Eventually forgery will be revealed. What all the discredited writers seem to have forgot in their bids for attention is that there is more than just their personal reputation at stake. We must consider the people we are writing for, as well as the people we are writing about. A good thing in postmodern times is we have more tools to detect such illegitimate conduct than before. This does not, however, mean that the state of the art is any worse than before, simply because the number of detected frauds have risen considerably. This increase in numbers of cases can simply be reflective of the emergence of new fact-checking tools, allowed by New Media and the Internet.
And, let us not forget, there are several contemporary examples of writers who stick to the rules successfully. H.G. “Buzz” Bissinger is one of these prime examples. A regular writer for high profiled magazines, including Vanity Fair, Bissinger’s achievements in book form speak for themselves. He won the Pulitzer Prize in 1987, in the category for investigative reporting, for a series on the Philadelphia court system. Friday Night Lights received great critical acclaim, withstood all verification processes, and has been made into a Hollywood film and a TV series. It is a politically loaded nonfiction story about the 1988 American football season, seen through the eyes of the coach of a Texan High School Football team.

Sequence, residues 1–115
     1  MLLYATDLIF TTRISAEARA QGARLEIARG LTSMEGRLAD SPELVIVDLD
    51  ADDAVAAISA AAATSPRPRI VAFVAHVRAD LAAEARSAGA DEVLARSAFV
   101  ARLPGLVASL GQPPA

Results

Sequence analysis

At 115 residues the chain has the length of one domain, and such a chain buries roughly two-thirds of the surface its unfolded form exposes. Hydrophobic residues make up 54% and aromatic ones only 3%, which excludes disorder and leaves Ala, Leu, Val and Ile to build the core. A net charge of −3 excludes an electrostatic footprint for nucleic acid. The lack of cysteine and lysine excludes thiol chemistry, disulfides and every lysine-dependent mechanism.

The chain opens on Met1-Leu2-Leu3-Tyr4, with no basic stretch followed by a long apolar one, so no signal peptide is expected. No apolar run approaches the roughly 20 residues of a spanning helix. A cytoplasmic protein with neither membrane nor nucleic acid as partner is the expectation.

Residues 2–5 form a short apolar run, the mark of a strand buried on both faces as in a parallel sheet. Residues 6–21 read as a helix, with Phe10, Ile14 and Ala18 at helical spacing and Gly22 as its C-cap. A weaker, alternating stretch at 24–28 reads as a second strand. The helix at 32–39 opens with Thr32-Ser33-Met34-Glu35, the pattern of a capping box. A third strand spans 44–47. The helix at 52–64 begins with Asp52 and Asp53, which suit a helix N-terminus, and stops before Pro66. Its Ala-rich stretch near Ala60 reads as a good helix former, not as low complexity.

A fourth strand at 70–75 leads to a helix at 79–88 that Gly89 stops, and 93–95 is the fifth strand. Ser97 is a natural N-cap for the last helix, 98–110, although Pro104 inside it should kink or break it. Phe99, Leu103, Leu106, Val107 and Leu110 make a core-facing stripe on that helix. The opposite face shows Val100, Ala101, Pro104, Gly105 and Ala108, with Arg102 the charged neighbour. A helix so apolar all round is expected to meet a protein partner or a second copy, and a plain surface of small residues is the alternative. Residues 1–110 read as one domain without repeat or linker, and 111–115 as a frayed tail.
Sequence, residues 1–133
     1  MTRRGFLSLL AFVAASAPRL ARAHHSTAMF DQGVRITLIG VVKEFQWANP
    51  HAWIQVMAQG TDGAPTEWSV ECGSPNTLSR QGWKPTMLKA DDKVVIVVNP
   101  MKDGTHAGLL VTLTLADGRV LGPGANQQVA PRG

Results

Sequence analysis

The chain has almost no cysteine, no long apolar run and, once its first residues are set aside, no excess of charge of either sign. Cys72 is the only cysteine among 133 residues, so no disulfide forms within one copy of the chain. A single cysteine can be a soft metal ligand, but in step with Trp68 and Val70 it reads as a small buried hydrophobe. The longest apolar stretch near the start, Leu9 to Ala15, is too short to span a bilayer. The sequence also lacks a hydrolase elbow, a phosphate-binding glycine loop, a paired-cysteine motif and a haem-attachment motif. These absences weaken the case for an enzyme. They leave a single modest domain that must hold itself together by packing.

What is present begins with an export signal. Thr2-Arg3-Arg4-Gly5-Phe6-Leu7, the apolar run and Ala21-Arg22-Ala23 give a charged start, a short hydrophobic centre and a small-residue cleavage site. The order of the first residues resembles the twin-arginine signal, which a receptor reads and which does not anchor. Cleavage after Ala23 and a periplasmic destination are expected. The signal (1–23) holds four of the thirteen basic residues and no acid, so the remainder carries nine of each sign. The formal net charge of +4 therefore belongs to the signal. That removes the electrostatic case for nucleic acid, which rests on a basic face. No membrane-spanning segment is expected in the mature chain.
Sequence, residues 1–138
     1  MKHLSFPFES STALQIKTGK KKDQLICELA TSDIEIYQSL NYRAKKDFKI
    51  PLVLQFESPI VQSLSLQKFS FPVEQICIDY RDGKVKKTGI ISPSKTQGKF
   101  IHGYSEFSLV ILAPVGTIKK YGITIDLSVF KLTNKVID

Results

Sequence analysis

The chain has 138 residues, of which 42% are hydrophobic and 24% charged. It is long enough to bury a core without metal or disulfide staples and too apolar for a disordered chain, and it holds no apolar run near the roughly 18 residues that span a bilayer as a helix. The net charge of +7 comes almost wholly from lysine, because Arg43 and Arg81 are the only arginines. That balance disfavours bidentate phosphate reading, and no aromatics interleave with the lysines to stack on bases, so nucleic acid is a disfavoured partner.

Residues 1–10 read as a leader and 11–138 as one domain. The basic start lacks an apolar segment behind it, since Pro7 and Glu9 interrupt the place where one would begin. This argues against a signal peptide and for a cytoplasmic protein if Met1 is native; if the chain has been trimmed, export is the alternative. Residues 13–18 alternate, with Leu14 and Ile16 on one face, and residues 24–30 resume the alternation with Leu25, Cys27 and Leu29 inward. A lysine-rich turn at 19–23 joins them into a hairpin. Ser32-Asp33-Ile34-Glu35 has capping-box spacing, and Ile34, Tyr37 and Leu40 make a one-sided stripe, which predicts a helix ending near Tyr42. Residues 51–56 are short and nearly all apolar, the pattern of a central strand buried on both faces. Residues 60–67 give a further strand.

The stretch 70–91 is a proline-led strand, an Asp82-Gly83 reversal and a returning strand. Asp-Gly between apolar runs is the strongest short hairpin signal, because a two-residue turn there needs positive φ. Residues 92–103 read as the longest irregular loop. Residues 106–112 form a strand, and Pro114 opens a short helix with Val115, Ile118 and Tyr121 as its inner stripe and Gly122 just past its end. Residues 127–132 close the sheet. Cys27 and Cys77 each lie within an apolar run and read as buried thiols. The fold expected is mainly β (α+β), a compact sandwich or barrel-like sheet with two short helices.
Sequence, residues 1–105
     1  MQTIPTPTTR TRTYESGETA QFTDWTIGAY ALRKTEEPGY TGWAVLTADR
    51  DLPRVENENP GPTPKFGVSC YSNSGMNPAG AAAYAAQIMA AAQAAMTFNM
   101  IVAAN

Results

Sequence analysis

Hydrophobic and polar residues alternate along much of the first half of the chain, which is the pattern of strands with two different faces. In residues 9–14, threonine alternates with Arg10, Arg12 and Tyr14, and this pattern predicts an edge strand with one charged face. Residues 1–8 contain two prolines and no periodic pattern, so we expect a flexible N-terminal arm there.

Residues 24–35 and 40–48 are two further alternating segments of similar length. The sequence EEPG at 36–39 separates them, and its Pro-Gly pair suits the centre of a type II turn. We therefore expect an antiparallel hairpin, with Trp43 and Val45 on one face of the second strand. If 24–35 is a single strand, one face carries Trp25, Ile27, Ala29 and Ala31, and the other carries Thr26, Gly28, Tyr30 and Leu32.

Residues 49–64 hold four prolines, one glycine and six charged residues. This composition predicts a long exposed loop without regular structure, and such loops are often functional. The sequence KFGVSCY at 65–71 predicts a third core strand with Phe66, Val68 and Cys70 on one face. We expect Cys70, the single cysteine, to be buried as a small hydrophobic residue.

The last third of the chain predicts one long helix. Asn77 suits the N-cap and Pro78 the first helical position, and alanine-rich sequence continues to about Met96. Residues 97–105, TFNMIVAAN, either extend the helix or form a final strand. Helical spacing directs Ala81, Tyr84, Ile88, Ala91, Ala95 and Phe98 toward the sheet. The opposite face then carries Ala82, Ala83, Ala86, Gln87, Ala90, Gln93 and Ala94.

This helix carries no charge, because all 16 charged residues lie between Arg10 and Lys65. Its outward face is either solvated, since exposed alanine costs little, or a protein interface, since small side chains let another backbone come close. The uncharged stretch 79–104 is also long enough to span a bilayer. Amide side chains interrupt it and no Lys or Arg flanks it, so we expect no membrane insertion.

Bissinger is also a key figure in the ethics debate – querying the fundamental ideals of nonfiction. He has done the legwork and understands the quandaries of nonfiction writers well:
More and more, the public expects nonfiction books to […] have that perfect, seamless storytelling quality. That’s an impossibly high bar […] if you’re trying to get it right, you really do suffer with the facts you have. Believe me, I went through a lot of days of depression and self-doubt, but one thing I wasn’t going to do is make it up.